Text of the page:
• U.S.

SHOW BUSINESS: Pay-As-You-See Premiere

1 minute read

In the oil-rich town of Bartlesville, Okla. (pop. 28,000) a new type of commercial well blew in last week. It was the most ambitious test to date of pay-in-the-parlor TV. From the Lyric Theater, a double feature (The Pajama Game and Mississippi Gambler) flashed from noon to midnight into 300 living rooms via coaxial cable, thus presumably avoiding FCC supervision.

Even the moviemen who have long battled pay-TV had to concede that the premiere was promising. Only M-G-M and 20th Century-Fox have yet to agree to show their films. But that did not discourage movie fans. To the sponsoring Video Independent Theaters chain came more than 1,000 applications to hook into the system (price: $9.50 a month for about 30 movies, half of them first-run features). Video, which spent $270,000 to install the system, will break even with 1,500 regular customers, aims to get 4,000 subscribers from Bartlesville’s 8,000 TV homes.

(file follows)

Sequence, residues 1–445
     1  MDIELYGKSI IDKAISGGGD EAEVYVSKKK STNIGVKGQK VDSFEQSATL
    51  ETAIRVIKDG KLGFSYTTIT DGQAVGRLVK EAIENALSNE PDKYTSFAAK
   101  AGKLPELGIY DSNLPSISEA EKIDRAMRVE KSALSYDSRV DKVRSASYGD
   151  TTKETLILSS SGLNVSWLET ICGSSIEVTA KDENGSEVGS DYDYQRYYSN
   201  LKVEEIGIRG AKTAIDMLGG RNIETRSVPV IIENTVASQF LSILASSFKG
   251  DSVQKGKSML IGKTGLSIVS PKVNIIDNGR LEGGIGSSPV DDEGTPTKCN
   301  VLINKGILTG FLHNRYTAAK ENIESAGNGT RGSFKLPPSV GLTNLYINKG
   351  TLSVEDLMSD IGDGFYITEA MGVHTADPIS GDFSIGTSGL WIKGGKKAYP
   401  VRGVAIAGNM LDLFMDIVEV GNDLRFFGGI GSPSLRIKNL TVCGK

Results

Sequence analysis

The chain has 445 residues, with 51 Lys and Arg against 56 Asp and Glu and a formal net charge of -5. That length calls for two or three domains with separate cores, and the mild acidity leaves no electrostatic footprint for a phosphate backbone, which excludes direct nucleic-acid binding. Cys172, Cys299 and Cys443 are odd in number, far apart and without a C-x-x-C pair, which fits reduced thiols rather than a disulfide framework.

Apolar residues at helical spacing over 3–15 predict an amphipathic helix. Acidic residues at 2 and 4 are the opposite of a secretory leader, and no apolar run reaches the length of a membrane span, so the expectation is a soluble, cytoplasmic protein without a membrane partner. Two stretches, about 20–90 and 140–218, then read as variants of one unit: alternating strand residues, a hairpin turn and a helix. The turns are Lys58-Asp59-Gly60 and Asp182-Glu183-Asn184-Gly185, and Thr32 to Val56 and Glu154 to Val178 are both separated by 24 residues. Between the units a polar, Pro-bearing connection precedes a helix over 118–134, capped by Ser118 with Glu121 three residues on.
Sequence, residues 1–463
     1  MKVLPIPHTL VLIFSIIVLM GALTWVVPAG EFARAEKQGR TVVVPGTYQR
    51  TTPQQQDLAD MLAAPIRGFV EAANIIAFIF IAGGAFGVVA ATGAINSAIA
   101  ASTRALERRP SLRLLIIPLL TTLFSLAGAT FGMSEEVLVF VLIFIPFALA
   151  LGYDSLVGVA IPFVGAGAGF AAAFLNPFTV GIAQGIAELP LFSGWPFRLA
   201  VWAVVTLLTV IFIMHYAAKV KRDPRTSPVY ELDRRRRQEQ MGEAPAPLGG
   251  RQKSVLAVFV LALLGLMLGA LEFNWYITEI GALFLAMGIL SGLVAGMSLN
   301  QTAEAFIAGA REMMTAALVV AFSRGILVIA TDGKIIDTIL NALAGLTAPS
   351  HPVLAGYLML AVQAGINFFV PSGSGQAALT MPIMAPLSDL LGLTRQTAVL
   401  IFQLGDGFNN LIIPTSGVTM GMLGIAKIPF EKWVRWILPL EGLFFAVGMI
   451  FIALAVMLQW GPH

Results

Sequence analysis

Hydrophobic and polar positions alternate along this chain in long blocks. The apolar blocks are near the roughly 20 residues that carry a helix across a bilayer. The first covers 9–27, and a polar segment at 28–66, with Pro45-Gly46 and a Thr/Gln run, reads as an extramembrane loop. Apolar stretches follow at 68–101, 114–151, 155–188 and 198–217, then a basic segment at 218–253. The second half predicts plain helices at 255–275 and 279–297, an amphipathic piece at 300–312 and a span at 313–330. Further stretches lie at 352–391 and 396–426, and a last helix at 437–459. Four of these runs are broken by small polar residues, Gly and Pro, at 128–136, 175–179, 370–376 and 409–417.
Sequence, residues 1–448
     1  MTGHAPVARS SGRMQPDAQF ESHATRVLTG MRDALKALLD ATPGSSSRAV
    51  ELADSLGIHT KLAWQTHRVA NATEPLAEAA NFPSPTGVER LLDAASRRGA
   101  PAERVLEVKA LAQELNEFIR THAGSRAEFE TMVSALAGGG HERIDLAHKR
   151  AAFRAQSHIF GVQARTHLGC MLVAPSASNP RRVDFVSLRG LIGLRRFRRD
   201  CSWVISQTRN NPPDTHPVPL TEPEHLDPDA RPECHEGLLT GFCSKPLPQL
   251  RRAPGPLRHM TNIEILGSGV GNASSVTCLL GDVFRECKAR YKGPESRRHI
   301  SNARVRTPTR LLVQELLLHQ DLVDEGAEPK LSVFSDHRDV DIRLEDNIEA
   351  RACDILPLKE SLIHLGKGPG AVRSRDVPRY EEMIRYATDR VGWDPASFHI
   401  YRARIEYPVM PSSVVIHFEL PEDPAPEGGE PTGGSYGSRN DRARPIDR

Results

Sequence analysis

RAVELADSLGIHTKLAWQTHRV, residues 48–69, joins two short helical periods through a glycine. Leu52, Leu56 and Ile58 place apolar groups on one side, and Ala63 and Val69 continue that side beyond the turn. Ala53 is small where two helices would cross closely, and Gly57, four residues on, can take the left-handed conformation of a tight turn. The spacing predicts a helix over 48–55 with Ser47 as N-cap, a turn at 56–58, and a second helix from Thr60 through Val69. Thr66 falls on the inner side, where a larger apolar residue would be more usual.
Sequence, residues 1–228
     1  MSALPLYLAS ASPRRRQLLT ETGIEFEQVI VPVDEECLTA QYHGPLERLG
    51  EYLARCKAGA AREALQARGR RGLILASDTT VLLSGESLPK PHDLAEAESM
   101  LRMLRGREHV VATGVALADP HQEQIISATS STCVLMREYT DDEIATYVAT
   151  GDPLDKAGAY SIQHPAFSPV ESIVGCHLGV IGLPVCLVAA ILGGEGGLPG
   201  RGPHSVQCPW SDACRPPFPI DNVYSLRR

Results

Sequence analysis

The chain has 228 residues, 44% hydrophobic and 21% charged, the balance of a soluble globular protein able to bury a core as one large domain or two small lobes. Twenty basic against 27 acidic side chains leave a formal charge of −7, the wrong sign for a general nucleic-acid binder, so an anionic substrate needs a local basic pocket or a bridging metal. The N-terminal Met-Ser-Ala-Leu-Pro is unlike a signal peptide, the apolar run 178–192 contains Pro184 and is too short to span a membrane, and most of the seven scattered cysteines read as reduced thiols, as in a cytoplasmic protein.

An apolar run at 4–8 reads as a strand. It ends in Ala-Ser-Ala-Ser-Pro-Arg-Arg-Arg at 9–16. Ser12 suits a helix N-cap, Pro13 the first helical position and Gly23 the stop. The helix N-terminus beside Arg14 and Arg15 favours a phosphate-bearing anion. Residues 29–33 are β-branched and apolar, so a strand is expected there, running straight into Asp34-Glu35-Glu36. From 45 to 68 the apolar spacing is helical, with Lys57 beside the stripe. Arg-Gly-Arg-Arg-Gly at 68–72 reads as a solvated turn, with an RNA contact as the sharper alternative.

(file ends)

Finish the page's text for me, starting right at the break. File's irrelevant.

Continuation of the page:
If the Telemovie system proves a long-run success, Video plans to spread it across the U.S. to fatten its own chain of 112 movie houses and 63 drive-ins, broaden it to include live plays, sports and musical events.

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